Today, a whole industry has sprung up around ensuring that the media are reporting news stories accurately. While sometimes fact-checking can be partisan, like when the satire site Babylon Bee was hilariously flagged as “fake news,” Christians can get behind the idea that facts should be reported truthfully.
But would the Christian’s authoritative book, the Bible, stand up to fact-checking scrutiny? Almost every detail of the Bible has been questioned over the 2,000 years of Church history. Christians didn’t originally present their claims to a credulous and accepting audience; they had to defend their claims, often to hostiles, especially when speaking about events that happened in history that can be placed on a map and a timeline.
With the advent of archaeology, we can investigate the Bible’s claims about ancient history in a way that people at earlier points could not. Sometimes, the results include clear-cut evidence in support of the Bible’s description of people, places, and events; however, it is not always obvious, and we need to be prepared to think about the evidence more critically. Even so, when we approach the evidence from a stance of confidence in biblical authority, we see that archaeology overwhelmingly supports the Bible’s accuracy.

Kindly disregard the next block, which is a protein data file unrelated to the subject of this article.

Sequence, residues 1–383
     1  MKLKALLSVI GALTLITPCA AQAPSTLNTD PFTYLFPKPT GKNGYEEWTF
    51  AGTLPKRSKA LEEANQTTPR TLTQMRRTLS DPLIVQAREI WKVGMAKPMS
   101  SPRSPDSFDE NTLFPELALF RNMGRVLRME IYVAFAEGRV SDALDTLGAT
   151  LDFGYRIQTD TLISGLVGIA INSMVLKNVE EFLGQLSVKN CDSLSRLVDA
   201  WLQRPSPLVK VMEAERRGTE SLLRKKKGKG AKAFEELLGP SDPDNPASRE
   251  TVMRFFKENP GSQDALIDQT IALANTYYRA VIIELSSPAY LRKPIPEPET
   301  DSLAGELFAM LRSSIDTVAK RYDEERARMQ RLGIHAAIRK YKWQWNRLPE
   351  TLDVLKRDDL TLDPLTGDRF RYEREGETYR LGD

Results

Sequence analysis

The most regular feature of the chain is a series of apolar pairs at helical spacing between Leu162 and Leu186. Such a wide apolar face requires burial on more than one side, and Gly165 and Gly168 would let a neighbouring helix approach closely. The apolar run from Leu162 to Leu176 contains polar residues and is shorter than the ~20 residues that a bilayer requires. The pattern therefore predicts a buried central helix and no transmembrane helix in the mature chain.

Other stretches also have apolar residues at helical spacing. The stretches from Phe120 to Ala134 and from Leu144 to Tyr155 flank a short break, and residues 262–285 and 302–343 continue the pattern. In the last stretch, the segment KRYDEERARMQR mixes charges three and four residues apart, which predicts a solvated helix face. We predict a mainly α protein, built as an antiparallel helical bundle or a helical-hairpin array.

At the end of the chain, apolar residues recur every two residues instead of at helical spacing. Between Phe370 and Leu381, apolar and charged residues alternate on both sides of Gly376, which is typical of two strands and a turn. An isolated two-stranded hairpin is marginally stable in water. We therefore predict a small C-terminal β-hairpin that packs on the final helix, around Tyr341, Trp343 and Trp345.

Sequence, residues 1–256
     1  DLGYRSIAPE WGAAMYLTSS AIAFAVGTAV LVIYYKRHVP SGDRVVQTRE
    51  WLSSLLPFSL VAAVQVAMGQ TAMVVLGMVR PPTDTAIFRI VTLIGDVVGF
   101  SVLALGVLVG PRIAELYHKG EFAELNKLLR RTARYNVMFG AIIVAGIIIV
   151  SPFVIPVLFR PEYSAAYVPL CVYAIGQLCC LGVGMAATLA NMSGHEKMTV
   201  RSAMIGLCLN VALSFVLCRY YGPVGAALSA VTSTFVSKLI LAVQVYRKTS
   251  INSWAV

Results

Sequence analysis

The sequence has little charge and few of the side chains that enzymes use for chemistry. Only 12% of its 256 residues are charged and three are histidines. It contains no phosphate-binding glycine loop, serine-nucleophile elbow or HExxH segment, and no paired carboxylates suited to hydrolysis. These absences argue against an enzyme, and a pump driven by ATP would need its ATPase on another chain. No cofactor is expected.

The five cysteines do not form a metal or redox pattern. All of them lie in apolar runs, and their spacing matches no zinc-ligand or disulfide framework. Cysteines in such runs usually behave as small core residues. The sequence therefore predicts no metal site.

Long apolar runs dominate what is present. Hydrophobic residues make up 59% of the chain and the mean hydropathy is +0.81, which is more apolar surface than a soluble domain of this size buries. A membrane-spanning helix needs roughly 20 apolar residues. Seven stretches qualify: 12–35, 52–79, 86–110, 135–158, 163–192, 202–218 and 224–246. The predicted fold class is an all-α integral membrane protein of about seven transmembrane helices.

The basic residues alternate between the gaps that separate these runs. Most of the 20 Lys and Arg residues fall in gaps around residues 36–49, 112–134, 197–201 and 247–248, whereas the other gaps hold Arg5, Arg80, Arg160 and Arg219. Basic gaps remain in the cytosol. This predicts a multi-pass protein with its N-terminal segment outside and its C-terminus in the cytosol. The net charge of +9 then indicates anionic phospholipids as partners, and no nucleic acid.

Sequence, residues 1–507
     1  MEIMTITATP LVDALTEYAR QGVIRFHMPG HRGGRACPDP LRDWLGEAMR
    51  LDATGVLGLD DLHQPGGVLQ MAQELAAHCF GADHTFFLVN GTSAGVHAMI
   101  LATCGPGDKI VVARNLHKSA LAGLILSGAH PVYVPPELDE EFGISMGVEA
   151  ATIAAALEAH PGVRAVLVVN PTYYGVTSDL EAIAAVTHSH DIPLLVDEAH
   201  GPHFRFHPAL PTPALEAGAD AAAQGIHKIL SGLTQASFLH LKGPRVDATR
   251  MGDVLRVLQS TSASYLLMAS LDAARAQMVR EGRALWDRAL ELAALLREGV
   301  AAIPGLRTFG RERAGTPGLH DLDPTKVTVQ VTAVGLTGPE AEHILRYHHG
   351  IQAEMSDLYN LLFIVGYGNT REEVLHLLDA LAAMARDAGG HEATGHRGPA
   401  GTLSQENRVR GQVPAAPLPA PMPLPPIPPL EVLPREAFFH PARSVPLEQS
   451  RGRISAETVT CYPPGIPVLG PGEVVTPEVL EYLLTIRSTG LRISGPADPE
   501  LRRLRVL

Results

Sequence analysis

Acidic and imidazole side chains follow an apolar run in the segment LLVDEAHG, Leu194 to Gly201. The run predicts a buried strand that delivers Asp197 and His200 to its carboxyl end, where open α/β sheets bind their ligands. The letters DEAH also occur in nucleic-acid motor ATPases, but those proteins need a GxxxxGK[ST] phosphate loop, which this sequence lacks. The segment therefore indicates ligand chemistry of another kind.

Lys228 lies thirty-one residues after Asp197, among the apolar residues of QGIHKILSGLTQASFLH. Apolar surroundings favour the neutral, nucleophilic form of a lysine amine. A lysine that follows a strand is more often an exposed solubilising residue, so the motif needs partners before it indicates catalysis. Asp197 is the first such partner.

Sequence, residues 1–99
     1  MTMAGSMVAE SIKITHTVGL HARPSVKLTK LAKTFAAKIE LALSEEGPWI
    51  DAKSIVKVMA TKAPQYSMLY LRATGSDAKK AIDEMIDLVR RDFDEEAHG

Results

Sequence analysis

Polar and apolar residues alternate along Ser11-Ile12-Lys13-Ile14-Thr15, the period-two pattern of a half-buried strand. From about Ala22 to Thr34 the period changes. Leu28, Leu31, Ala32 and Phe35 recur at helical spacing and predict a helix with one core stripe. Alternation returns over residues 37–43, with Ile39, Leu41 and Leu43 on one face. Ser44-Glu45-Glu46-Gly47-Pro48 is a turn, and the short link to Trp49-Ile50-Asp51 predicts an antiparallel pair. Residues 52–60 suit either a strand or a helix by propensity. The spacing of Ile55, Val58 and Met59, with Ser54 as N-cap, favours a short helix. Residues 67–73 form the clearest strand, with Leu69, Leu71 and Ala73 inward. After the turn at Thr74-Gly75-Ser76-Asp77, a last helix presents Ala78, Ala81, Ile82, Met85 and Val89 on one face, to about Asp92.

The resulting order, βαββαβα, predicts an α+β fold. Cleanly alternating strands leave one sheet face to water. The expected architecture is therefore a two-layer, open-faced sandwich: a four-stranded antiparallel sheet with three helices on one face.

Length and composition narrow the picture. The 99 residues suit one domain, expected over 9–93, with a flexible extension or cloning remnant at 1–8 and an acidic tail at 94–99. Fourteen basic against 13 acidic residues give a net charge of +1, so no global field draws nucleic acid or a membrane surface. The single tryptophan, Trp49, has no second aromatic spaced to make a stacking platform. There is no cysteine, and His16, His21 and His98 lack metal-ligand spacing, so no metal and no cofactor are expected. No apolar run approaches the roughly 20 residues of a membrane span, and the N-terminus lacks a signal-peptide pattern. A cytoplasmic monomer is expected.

When searching for “archaeology disproves the Bible,” one of the first results is a 2014 study claiming that camels were introduced to Israel hundreds of years after the Bible puts camels in Israel.1 Abraham and Job were portrayed as having great numbers of camels, but in a number of archaeological sites, camel bones were found beginning in the era of 1–2 Kings and 1–2 Chronicles. This gave rise to a number of hysterical headlines claiming the Bible had been disproved once and for all. Even conservative media site, Fox News, gave the headline “Camel bones suggest error in the Bible, archaeologists say.”2